As humans we are easily side-tracked and sometimes in the habit of examining past events and trying to anticipate the future. Being mindful enables us to become more aware of our thoughts, feelings, sensation and behaviours. This may not sound like an obviously helpful exercise but it helps us to recognise and step away from habitual, often unconscious emotional reactions to everyday events. It provides us with a researched approach to cultivating insight, clarity and understanding. By practicing mindfulness, we are allowing ourselves to be fully present in our life and work, which in turn improves our quality of life.
Mindfulness does not conflict with any beliefs or tradition, religious, cultural or scientific. It is simply a practical way to notice thoughts, physical sensations, sights, sounds, smells - anything we might not normally notice. The actual skills might be simple, but because it is so different to how our minds normally behave, it takes a lot of practice.
You might go out into the garden and look around, and think, "That grass really needs cutting, and those weeds need pulling up". Another person in the garden may notice the sound of the bees and the colour of the flowers and bring this to your attention. Mindfulness can simply be noticing what we do not normally notice, because our heads are too busy in the future or in the past - thinking about what we need to do, or going over what we have done.
Being mindful helps us to train our attention. Our minds wander about 50% of the time, but every time we practise being mindful, we are exercising our attention "muscle" and becoming mentally fitter. We can take more control over our focus of attention, and choose what we focus on, rather than passively allowing our attention to be dominated by that, which distresses us and takes us away from the present moment.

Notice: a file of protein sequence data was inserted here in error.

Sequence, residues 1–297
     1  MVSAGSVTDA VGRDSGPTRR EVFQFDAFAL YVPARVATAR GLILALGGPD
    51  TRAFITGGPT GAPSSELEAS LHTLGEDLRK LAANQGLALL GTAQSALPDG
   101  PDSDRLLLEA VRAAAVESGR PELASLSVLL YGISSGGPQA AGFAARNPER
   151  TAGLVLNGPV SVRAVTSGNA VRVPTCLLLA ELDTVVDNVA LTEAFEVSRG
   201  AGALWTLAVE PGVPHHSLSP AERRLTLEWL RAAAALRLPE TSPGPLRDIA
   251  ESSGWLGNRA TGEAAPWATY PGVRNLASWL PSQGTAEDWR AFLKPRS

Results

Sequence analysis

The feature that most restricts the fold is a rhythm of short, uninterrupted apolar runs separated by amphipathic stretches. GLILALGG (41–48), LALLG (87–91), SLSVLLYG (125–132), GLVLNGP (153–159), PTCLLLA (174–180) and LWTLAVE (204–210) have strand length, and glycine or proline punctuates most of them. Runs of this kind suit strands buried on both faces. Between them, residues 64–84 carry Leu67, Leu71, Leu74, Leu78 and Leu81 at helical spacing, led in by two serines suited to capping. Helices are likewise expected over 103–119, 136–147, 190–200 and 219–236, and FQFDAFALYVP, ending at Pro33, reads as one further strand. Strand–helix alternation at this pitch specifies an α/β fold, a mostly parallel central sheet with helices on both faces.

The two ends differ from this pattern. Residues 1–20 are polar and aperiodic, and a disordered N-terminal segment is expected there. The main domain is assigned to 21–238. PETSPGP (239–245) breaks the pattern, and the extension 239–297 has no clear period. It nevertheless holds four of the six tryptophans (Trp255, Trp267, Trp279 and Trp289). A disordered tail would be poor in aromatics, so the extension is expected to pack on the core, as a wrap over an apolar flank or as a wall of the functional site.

A simple description for Mindfulness could be ‘choosing and learning to control our focus of attention’.
Mindfulness for busy people:
Choose an activity to do mindfully throughout the day, for one, two or five minutes. For example: Drink a cup of tea. Walk. Wash the dishes.
Whatever you are doing, be in that moment, right now. See, hear, smell, touch, feel, breathe.
Simply notice whenever other thoughts and sensations come to mind, and then re-focus on your chosen mindful activity.
Be patient and compassionate with yourself.
Describe… rather than judge good or bad, pleasant or unpleasant.
It is as it is.
www.getselfhelp.co.uk - basic tips for mindfulness
www.mind.org.uk - information and support for everyday living/mindfulness
www.psychologytoday.com - meditation tips for beginners
www.psychologytoday.com - basics of meditation
www.headspace.com - learn to meditate and live mindfully
www.lumosity.com - improve memory, increase focus, and find calm